On the hike to the 525 foot summit there is an alternative route, the Cadillac Cliffs Trail, that returns to the main route. At this intersection, there is a memorial plaque to Waldron Bates, an early trail builder and the designer of the simple, but elegant, cairns seen on many of Acadia’s trails. The Cadillac Cliffs trail traverses the base of the cliff and is more difficult, requiring some scrambling over granite boulders. Hikers are encouraged to stop and look at the cliff features which are strikingly similar to the current day coastline. These features include small ancient sea caves that were created when sea level was about 250 feet higher than today.
After reaching the summit, the trail descends moderately. At the first intersection, there is a cut-off option to go left to reach The Bowl, a small picturesque pond, in 0.4 miles. Continuing straight the trail intersects with the Bowl Trail in 0.1 miles. Taking a right on the Bowl Trail leads to the Park Loop Road.
Once at the Park Loop Road, continue right towards Sand Beach. A visit to this beautiful crushed shell and sand beach is an option before continuing. There are restrooms at Sand Beach. The Ocean Path begins at the south end of the upper Sand Beach parking lot.
The Ocean Path offers views of the classic Maine coast with many stopping points for enjoying the picturesque scenery and taking pictures. Before reaching the Gorham Mountain parking lot, the trail passes Thunder Hole, a shallow sea cave. When there are large ocean swells, on an incoming tide, the waves trap air in the cave. The escaping air can make a thundering sound. During the summer, there are restrooms and a gift shop with snacks across from Thunder Hole.
Upon reaching the Gorham Mountain Parking area, there is an option to continue on the Ocean Path for about a mile to its end at Otter Point, a scenic view point, then backtracking to the Gorham Mountain parking lot where the hike began.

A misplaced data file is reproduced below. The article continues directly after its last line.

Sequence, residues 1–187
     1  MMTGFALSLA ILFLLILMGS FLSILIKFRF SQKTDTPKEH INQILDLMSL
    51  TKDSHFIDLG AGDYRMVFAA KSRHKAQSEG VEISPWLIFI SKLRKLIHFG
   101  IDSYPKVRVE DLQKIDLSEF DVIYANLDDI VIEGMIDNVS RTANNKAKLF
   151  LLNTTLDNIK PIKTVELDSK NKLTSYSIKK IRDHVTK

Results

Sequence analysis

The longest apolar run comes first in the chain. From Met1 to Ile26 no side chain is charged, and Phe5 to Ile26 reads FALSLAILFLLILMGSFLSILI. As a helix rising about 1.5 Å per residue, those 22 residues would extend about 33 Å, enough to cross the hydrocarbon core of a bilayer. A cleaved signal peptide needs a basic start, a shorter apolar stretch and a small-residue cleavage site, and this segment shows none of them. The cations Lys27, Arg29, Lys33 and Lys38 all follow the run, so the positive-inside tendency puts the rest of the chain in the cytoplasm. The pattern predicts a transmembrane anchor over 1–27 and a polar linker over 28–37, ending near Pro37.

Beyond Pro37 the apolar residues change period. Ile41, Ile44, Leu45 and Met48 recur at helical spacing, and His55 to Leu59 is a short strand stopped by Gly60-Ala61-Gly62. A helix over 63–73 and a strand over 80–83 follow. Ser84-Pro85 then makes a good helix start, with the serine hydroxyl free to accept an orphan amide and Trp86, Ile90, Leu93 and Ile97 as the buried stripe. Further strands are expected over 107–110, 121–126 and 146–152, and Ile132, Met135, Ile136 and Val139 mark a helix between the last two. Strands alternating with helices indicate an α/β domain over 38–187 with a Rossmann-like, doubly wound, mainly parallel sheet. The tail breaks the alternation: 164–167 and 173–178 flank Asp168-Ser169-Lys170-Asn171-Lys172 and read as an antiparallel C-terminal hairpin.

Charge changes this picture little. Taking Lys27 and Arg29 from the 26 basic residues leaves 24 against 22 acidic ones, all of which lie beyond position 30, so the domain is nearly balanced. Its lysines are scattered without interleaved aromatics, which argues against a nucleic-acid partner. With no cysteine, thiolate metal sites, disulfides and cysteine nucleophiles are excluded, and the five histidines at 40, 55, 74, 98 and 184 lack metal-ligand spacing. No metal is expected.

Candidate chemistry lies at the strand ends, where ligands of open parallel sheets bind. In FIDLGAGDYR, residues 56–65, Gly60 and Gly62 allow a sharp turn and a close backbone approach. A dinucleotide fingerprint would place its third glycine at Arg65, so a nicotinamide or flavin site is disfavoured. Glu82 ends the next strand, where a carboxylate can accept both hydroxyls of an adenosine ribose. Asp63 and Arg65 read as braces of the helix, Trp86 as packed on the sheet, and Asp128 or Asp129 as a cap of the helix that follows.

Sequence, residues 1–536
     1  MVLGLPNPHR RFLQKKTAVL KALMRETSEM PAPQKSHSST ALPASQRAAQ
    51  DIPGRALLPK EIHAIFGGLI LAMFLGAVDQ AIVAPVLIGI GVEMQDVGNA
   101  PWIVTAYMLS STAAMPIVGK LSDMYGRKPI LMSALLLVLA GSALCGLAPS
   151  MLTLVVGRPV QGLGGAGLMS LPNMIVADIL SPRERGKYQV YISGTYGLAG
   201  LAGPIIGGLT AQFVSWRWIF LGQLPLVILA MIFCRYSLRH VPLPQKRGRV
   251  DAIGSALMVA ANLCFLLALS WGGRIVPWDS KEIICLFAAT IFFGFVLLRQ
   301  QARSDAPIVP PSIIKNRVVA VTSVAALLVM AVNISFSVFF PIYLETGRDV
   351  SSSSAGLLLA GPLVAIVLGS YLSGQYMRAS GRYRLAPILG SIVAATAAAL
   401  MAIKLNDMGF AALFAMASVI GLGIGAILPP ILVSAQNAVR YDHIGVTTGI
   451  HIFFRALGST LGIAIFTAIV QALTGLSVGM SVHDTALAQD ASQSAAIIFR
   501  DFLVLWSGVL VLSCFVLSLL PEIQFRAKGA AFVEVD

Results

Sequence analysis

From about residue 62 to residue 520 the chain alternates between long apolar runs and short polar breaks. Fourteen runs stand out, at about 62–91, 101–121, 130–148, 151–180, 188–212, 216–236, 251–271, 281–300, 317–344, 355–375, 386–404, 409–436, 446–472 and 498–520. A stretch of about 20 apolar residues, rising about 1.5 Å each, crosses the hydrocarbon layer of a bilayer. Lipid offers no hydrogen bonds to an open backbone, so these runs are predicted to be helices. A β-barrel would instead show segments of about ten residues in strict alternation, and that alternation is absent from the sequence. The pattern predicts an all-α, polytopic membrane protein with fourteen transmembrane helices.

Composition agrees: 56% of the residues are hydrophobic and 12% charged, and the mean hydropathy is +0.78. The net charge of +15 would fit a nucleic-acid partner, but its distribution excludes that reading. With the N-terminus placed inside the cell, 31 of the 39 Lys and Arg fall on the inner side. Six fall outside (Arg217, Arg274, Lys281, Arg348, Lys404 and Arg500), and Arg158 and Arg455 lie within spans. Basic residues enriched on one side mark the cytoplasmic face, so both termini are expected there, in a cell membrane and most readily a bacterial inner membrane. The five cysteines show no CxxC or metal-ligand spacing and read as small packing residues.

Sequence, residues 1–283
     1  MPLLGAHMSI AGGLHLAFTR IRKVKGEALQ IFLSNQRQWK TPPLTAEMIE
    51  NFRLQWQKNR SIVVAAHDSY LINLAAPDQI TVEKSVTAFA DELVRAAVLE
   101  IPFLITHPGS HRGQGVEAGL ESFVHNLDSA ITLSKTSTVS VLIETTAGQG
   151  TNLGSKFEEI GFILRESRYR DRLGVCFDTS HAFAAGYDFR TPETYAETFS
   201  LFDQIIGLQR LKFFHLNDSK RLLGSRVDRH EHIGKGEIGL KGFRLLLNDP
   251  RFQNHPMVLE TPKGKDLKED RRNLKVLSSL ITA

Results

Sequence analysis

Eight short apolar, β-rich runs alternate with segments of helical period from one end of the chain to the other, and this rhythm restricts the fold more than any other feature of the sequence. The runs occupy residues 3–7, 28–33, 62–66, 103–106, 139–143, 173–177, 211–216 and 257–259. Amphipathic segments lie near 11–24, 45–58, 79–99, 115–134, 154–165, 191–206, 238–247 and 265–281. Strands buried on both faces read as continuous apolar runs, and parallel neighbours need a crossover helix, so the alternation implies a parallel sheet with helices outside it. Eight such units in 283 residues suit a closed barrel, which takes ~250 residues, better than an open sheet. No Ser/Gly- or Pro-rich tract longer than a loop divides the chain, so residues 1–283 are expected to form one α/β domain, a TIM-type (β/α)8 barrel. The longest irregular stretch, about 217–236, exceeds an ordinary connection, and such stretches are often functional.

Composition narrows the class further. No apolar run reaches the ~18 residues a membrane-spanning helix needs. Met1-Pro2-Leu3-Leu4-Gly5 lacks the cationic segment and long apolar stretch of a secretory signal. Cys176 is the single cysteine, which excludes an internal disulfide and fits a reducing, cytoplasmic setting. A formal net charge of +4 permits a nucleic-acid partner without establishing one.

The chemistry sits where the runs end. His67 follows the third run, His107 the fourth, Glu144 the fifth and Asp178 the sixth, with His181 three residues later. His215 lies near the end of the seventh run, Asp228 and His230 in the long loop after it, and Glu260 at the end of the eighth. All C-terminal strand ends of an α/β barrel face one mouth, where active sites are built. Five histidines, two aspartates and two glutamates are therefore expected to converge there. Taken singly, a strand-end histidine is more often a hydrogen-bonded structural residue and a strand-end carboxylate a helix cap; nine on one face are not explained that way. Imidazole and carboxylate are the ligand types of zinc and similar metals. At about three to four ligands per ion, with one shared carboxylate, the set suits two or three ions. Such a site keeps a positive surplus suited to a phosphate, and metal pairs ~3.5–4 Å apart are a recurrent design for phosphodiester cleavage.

Geocaching is prohibited within Acadia National Park; however, the park does sponser an EarthCache Program for those seeking a virtual treasure hunt!
Visit Acadia National Park online for more information or contact:
National Park Service, Acadia National Park
Starting from ME Route 3, turn off at the Hulls Cove Entrance to the park and the beginning of the Park Loop Road. Follow the Park Loop road 2.8 miles before turning left onto the one way section towards Sand Beach. The trail begins on the right at the Gorham Mountain Trail parking lot, 0.3 miles past Thunder Hole. During the busy summer months, leave your car at the Hulls Cove Visitor Center and take the Island Explorer Bus. The Park Loop Road is closed December 1 to April 15. During this time, see the park website for an alternative access route.
Acadia National Park, in response to guidance from the State of Maine Department of Health and Human Services, has enacted closures to support federal, state, and local efforts to slow the spread of the novel coronavirus (COVID-19).
Acadia has closed all visitor services, including all restrooms, carriage roads, campgrounds, visitor centers, and the Park Loop Road including Ocean Drive. ANP will offer no services outside those that support resource protection.
The health and safety of the Park's visitors, employees, volunteers, local communities, and partners is the number one priority. The National Park Service (NPS) is working servicewide with federal, state, and local authorities to closely monitor the COVID-19 pandemic. ANP will notify the public when full operations are resumed and provide updates on its website and social media channels.
Success! A new password has been emailed to you.